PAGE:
Training China’s Wetland Managers

A collaboration between the Convention on Wetlands Management Office of the People’s Republic of China, the Paulson Institute, Lao Niu Foundation, and WWF Hong Kong is strengthening capacity in wetland management, with positive results.

Wetlands are a key part of China’s natural capital. We know from research published in the Paulson Institute’s Coastal Wetlands Blueprint that China’s coastal wetlands alone provide economic benefits of USD 30 billion each year. The services provided by freshwater wetlands have not yet been analyzed to the same degree but they are likely to provide significant benefits in terms of water purification, urban cooling, sustainable food and carbon storage.

However, despite offering significant ecosystem services, wetlands have been under pressure. For example, the Blueprint describes how, in the last 50 years, 53% of China’s temperate coastal wetlands, 73% of its mangroves, and 80% of its coral reefs have been lost due to land reclamation, unsustainable aquaculture, invasive alien species and pollution. As a result, the number of migratory birds along the East Asian-Australasian Flyway has decreased year by year – a red flag for the health of the ecosystem.

Fortunately, following the publication of the Blueprint, the benefits provided by coastal wetlands are being acknowledged at the highest levelIn February 2017, the Chinese government added 14 key coastal wetlands to a tentative list of sites to be considered for World Heritage status and, in July 2018, the State Council issued a circular strictly curtailing further land reclamation along China’s coast.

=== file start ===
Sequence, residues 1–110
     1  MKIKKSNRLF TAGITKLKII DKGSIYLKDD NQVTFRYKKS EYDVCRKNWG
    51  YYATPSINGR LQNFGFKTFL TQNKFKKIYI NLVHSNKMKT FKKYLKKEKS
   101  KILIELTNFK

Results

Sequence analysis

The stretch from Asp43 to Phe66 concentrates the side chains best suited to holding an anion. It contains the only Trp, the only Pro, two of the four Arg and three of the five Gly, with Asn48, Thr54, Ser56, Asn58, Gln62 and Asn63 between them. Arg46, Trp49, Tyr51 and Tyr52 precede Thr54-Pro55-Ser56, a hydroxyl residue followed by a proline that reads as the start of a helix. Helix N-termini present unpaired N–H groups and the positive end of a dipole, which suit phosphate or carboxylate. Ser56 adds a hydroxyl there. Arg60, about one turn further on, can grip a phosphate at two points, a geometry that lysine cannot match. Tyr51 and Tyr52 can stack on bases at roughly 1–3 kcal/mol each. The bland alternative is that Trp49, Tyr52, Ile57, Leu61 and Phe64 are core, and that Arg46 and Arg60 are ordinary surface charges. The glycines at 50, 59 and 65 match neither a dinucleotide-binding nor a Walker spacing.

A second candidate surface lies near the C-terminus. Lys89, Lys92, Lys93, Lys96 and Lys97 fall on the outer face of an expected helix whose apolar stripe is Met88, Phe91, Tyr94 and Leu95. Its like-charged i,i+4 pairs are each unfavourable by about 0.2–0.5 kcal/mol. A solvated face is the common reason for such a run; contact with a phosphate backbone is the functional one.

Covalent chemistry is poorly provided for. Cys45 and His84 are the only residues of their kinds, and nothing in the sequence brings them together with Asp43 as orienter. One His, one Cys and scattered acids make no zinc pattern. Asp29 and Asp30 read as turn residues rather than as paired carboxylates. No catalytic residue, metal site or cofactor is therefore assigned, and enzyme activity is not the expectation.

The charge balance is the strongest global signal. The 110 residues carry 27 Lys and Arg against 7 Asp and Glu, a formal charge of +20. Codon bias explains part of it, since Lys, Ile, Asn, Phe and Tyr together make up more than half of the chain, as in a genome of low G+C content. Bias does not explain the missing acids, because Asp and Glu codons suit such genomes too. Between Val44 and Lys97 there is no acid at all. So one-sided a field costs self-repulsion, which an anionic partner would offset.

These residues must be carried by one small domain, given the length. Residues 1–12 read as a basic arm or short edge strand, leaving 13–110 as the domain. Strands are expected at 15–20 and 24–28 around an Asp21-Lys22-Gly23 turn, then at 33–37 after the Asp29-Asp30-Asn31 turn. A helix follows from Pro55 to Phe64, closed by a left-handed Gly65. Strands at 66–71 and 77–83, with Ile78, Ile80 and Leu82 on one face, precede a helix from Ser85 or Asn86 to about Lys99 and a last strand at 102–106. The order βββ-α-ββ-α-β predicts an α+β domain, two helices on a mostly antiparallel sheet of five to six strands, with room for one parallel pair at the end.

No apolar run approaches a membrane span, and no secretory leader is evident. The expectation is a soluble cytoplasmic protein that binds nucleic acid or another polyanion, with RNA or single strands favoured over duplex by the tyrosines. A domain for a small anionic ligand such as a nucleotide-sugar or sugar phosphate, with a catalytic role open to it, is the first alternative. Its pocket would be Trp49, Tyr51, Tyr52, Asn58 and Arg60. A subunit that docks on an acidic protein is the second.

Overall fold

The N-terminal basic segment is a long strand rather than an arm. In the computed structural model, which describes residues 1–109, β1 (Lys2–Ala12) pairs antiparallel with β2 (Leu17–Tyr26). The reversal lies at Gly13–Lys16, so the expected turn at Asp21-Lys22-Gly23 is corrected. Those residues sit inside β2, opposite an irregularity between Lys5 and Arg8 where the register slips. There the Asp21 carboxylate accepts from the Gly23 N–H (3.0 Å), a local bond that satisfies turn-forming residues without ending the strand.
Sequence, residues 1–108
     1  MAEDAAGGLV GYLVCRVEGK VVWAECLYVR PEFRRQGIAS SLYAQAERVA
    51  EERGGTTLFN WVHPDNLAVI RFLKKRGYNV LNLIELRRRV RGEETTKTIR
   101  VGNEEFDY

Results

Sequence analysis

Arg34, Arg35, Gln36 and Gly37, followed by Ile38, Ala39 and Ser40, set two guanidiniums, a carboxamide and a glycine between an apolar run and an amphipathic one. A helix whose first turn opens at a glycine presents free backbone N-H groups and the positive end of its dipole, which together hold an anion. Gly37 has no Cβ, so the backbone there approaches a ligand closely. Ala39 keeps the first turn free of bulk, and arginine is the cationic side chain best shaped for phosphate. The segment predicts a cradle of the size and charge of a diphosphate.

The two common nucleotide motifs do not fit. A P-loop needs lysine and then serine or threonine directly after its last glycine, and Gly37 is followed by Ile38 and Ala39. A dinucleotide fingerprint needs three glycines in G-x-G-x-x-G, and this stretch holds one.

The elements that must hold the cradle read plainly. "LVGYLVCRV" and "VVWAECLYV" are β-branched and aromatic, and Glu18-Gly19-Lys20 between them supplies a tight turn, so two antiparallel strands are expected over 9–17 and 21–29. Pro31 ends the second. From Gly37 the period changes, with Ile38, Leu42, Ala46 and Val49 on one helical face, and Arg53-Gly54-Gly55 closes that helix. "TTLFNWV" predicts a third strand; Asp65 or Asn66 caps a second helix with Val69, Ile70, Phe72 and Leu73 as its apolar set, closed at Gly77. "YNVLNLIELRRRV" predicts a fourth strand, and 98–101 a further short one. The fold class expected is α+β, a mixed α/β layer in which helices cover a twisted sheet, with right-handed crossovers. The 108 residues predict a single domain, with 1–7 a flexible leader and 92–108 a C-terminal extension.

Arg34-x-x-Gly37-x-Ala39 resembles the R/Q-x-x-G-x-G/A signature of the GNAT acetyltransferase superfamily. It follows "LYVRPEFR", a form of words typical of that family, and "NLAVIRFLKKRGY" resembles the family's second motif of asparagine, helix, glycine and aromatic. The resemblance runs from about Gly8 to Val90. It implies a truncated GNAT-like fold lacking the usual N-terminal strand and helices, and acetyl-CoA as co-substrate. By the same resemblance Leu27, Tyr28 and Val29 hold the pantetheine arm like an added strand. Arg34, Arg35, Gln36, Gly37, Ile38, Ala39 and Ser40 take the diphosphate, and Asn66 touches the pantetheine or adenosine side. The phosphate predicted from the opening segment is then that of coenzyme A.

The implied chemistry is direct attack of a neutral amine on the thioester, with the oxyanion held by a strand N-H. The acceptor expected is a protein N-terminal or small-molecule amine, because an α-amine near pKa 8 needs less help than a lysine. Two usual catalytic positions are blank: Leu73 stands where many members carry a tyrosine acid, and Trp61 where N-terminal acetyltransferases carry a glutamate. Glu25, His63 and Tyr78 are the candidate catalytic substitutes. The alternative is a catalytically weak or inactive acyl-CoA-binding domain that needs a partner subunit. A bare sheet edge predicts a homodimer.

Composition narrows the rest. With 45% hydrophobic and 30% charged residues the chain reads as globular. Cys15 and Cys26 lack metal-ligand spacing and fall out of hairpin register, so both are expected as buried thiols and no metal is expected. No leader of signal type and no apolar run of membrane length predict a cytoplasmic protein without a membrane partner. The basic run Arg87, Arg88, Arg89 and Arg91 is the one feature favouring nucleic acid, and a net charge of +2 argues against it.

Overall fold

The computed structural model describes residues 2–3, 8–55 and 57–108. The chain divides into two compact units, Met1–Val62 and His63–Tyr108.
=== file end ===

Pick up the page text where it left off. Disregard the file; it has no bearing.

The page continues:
Mai Po Nature Reserve, Hong Kong (Courtesy of WWF)


Whilst protection is a vital first step, the long-term future of wetlands – both coastal and freshwater – and the benefits they provide, depend on effective and sustainable management. Strengthening the knowledge and capacity of management staff is, therefore, a high priority. In fact, under the “Convention on Wetlands of International Importance especially as Waterfowl Habitat” (commonly known as the Ramsar Convention), there is an obligation on Parties to “promote the training of personnel competent in the fields of wetland research, management and wardening.” That is why the Convention on Wetlands Management Office of the People’s Republic of China (CWMO) collaborated with the Paulson Institute, Lao Niu Foundation, and WWF Hong Kong to initiate a comprehensive multiple-year training program for wetland management personnel from mainland China.

US expert Roy Lowe shared experience on wetlands restoration and ecotourism (Photo Courtesy of WWF)


The training, a combination of classroom-based lectures, exercises and field studies, took place at the world-famous Mai Po wetland nature reserve in Hong Kong and was tailored to administrators from key wetland reserves, parks, wetland planning institutes and officials from the relevant central and provincial government departments. The training delivered advanced knowledge, best practice and experience on international wetland conservation and management and, importantly, helped trainees identify the key challenges faced by their individual sites and formulate appropriate action plans. Since 2015, a total of 140 wetland professionals from 16 provinces, most from the 11 coastal provinces in China, have participated.